I am still learning about weather, orographic cloud, rotor and valley winds in spite of learning how to forecast 50 years ago and similar period observing from land, sea and air.
Altimeters are set to QNH for airspace and transiting goals between mountains. Displacement is purely on eyeball. Got caught out once as thought I was further away judging by the height of the fir trees until I could see the blades of grass having assumed that the trees were 60ft..in the upper slopes they are much shorter. The biggest danger in the french alps are wires followed by collision and lastly flying over colls where the air mass might be totally different and form a wall of cloud.
High G is used in gliders to avoid exceeding vne and flutter..used it once when low level aerobatics went wrong.
They are built far stronger than conventional aircraft..my first was tested to 12G.

FullWings 29th Nov 2020 15:18

What he said ^^^

Having watched the video a few times, thereís nothing wrong with the skirting of the cloud initially, as they have a clear route out into a valley. One does wonder why they didnít do some tacks in the lift to get above the cloud layer but I suppose that would have made it too easy.

When they turn left, it sets them up for a bad outcome, but they still had the ability to do a hard right and exit for quite a while. What I find incredible is that there don't appear to be any blind flying instruments in the front and judging by the unusual attitudes, in the rear as well. Even if they were in neutral air, it appears they would have gone into cloud, which leaves a huge ??? hanging over the whole thing. From the comments on the official NZ gliding site, it seem like one of those distracted instructor, unsure student scenarios where no-one really has projected the flight path forward.

If youíre going to flirt with cloud, you need a plan to get out of it, should the worst happen. Having some kind of reference is crucial as you will disorient pretty quickly, especially in turbulence. There are also occasions where, despite the best of planning, the weather changes and you have to do a cloud descent. If you donít have any instruments, you can do it on GPS (or even a compass) but that requires a bit of skill and mental discipline. Better to have a phone app for emergencies - I use iBFD in case of a double failure in my panel.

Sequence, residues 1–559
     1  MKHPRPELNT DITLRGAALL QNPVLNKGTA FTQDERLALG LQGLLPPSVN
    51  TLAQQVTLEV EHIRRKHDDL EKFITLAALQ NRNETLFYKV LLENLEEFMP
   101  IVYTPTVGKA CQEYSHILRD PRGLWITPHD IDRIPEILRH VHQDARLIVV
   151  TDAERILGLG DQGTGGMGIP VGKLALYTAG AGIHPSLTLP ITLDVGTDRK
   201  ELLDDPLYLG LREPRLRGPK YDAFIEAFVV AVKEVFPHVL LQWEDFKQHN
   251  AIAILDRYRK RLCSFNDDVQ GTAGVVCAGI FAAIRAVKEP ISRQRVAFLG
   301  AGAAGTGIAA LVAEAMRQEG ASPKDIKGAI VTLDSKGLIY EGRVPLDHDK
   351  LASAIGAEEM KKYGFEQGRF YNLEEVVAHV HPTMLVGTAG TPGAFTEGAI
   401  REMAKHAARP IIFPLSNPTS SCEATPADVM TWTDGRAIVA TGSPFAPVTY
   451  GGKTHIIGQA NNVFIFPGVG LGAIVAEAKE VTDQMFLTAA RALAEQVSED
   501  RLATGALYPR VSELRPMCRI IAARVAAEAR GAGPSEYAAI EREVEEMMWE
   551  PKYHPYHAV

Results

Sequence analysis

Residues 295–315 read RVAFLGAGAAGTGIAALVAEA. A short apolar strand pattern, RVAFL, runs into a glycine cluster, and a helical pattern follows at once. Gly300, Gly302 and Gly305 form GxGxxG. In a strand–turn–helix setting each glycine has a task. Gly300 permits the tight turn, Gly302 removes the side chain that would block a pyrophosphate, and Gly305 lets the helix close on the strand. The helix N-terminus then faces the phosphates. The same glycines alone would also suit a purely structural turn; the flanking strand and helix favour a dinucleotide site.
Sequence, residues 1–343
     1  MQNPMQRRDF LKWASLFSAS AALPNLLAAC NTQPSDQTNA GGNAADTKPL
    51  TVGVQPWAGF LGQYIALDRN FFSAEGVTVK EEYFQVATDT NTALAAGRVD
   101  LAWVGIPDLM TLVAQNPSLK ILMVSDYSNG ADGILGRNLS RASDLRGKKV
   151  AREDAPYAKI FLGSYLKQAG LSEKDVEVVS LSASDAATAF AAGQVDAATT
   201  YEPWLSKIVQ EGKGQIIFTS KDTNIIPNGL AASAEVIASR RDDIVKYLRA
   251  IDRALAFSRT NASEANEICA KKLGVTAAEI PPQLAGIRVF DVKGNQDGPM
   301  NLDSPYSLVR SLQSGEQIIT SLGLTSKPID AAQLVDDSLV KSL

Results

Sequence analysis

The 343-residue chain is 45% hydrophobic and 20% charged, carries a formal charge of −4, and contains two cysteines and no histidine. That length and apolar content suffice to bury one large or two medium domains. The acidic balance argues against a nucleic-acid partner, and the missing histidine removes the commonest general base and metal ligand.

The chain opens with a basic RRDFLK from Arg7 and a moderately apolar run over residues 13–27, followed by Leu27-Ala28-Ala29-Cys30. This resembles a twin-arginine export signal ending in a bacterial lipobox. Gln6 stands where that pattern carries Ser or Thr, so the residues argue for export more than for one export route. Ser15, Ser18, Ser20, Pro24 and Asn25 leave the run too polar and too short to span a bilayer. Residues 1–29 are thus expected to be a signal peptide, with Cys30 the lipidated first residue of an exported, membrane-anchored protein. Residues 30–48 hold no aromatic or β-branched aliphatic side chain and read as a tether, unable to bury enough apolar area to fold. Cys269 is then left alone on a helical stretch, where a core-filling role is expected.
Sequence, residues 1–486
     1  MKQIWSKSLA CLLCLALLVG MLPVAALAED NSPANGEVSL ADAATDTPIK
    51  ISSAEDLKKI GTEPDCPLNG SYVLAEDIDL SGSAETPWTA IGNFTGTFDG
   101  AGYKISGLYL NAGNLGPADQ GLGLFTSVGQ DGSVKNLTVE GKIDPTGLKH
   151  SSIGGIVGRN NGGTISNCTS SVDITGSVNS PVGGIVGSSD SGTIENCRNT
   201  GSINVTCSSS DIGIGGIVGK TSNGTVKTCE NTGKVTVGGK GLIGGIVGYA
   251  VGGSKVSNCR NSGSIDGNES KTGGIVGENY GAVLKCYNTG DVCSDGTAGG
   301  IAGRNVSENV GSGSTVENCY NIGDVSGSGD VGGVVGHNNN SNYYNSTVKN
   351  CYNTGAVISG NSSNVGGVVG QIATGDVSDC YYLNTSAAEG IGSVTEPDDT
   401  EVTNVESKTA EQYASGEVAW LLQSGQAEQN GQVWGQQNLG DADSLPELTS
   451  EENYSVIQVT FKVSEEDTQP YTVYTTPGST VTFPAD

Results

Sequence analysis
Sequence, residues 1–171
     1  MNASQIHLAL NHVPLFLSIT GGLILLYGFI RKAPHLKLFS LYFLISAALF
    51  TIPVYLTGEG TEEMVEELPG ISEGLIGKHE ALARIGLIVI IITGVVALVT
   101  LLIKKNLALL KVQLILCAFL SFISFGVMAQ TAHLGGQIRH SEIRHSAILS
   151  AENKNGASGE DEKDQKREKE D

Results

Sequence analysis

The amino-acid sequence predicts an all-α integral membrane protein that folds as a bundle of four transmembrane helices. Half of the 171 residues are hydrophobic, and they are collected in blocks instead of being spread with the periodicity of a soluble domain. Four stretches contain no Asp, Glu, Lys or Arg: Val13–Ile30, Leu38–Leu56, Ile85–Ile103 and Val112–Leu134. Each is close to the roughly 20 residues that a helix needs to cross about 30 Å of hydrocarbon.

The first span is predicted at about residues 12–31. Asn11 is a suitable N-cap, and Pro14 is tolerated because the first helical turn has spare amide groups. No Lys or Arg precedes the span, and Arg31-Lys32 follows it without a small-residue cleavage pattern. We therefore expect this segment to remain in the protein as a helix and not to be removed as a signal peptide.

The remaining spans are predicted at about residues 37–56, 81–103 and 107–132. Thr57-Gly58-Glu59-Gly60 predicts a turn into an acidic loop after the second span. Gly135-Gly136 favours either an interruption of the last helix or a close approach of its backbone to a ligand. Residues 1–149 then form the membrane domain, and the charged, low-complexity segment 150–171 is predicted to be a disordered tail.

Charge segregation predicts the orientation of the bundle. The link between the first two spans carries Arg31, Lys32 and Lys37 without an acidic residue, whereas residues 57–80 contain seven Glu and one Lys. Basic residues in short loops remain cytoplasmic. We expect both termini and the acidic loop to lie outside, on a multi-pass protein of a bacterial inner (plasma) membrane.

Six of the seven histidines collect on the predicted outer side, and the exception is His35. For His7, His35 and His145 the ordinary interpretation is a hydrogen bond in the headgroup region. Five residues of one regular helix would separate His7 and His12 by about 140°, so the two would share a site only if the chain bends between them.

what next 29th Nov 2020 19:18

Hello!


Originally Posted by FullWings (Post 10936902)
Better to have a phone app for emergencies - I use iBFD in case of a double failure in my panel.

That's better than nothing, but don't forget that this is not a real artificial horizon. The effects of turbulence and prolonged turns will make it unreliable in less than a minute. It can help to maintain level flight for a very short while but not more than that. The solid state accelerometers built into smartphones are just that: accelerometers. Not real gyroscopes. And it needs to be turned on and "calibrated", i.e. aligned with the horizon, before it can be used.

FullWings 29th Nov 2020 20:07

Not true for iPhones - they have all that’s necessary to create a full strapdown INS. I’ve had iBFD running for a whole flight including aeros and IMC and it was exactly in sync with my EFIS. That particular app I think was written by someone who writes software for instruments for a living and uses the gyros, accelerometers and GPS. If you don’t believe me, download it and try it - not expensive at £12. It’s not certified in any way but it’s better than a blank screen inside to go with the one outside!

I’m not suggesting for a minute that you should strap it to your yoke and take off in OVC000 and 75m but as something that is there for use in an emergency it could save your life...

Big Pistons Forever 30th Nov 2020 04:04

The part I found profoundly sad was the “just another day in a glider” low key and low energy conversation in the cockpit. Where this video starts was in an area where great care needs to be taken. Not dangerous per se but there should have been a steady dialogue about how the situation was developing and where the out was as well as some definite “no go” criteria spoken out loud.

The huge one is never fly over a solid deck that is just below you and never ever ever be in a situation where up air is required to stay on top. This goes triple when flying over a ridge. Ridge cloud can develop and/or move very quickly with a change in wind and.has to be respected, as well as the absolute requirement to maintain positional awareness so that you don’t inadvertently cross over to the lee side and get into sink.

Frankly I wonder about the safety culture of this glider club. I find it hard to believe that given the relaxed atmosphere in the glider, that guys where not frequently pushing the ridge lift around and over clouds.

Google “Normalization of Deviance”